Hindgut Protozoa

Symbiotic flagellates are found exclusively in the phylogenetically lower termites and the closely related cockroaches of the genus Cryptocercus; the higher termites harbor a largely prokaryotic microbiota. The first studies that revealed the beneficial nature of these peculiar symbionts - discovered in 1856 by Lespes (see Leidy 1881) and initially considered as parasites - were reported by Cleveland (1925, 1926), who demonstrated that termites do not survive for long after elimination of their gut flagellates. The importance of the symbionts for their termite host is impressively documented by their enormous abundance in the enlarged hindgut paunch; it has been estimated that the fresh weight of the protozoa may account for more than one half of the fresh weight of the termite (Katzin and Kirby 1939). Phylogenetically, the gut flagellates are extremely diverse: almost 450 distinct species have been described to occur within the approx. 200 termite species investigated (Yamin 1979).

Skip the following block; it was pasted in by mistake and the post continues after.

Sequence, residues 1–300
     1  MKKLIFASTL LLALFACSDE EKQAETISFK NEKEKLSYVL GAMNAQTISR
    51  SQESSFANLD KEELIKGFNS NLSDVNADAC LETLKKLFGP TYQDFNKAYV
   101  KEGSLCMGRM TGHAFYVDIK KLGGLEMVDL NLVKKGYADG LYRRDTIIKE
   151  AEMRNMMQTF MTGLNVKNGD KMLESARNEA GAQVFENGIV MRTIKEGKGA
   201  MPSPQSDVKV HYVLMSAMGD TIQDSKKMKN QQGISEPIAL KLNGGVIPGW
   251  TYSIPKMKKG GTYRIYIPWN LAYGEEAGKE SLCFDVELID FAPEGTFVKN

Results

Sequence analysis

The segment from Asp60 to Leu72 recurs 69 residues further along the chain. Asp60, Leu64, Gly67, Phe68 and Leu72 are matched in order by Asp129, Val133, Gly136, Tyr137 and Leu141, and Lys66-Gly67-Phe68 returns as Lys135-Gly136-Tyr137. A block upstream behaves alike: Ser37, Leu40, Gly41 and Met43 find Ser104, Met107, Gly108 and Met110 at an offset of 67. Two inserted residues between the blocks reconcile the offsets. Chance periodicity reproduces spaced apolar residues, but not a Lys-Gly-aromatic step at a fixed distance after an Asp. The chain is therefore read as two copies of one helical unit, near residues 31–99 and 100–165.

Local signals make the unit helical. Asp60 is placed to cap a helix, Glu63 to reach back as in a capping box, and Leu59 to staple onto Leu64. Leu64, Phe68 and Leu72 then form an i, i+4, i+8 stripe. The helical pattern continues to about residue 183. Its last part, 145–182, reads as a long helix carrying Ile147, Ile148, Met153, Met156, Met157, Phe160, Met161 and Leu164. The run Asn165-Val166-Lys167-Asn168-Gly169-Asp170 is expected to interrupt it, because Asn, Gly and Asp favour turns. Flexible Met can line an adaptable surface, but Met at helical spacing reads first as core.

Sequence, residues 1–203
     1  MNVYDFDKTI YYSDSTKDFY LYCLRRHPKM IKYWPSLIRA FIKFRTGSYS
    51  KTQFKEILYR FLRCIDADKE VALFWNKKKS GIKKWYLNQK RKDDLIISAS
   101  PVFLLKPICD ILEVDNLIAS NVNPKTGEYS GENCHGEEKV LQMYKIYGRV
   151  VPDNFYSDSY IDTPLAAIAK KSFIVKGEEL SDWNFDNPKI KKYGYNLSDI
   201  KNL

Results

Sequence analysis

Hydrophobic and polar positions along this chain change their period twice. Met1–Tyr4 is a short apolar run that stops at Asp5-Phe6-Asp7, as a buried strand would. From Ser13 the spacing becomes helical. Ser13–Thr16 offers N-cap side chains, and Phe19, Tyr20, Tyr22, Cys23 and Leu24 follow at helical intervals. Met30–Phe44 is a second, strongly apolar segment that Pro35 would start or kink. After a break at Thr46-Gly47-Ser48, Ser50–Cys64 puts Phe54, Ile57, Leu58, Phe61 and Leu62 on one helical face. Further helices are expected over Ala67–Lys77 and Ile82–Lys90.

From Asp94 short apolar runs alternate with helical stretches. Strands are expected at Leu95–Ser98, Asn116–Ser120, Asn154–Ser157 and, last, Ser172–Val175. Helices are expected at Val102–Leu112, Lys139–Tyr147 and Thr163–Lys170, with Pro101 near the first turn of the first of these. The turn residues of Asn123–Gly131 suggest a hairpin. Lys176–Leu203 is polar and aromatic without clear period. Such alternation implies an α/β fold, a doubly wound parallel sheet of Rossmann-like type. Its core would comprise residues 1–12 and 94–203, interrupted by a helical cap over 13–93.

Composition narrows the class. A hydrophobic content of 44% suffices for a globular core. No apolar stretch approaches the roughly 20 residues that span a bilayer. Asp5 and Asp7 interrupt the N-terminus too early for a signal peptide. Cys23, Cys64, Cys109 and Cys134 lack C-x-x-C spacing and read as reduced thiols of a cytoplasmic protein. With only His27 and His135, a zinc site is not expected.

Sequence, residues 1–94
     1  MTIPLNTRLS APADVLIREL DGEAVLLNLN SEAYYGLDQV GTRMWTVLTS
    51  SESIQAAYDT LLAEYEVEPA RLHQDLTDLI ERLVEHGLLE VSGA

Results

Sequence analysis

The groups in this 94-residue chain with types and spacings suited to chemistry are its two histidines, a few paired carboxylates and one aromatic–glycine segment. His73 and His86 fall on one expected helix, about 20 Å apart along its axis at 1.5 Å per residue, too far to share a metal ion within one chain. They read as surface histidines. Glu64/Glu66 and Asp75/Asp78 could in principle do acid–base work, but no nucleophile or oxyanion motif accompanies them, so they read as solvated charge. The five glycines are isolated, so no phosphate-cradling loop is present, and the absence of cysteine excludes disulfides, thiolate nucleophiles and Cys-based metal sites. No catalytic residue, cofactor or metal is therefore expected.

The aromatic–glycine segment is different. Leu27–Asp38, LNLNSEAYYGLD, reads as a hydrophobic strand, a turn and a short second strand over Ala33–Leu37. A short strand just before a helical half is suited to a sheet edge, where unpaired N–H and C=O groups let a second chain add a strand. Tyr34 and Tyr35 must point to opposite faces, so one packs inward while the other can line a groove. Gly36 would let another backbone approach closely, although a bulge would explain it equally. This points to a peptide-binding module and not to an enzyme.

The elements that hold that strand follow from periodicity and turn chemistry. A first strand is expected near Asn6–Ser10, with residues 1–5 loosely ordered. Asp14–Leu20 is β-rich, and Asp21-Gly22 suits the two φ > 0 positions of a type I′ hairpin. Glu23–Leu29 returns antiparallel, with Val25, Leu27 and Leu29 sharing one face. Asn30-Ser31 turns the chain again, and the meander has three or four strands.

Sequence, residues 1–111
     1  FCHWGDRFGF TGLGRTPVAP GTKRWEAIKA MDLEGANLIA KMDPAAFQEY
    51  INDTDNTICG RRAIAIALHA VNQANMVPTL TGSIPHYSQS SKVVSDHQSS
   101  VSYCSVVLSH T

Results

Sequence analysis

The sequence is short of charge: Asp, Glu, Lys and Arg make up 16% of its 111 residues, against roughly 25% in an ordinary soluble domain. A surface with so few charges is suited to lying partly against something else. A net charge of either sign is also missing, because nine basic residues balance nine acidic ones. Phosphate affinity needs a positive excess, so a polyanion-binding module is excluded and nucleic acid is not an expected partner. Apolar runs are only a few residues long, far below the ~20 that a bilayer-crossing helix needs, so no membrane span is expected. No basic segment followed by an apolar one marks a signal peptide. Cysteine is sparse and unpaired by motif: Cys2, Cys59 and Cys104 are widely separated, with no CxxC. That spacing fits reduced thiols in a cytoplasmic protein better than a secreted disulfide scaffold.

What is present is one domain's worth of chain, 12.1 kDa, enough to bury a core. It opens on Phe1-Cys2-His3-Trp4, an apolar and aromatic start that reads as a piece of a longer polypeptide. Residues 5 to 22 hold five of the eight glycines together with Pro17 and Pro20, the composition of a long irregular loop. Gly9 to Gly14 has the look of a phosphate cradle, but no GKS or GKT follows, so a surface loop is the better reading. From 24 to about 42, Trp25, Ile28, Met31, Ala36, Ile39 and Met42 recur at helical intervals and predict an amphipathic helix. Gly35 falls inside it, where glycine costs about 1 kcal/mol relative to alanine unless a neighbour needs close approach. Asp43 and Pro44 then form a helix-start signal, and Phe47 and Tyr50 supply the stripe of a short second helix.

Oplan Termites

Oplan Termites

You Might Start Missing Your Termites After Kickin'em Out. After All, They Have Been Your Roommates For Quite A While. Enraged With How The Termites Have Eaten Up Your Antique Furniture? Can't Wait To Have Them Exterminated Completely From The Face Of The Earth? Fret Not. We Will Tell You How To Get Rid Of Them From Your House At Least. If Not From The Face The Earth.

Get My Free Ebook


Post a comment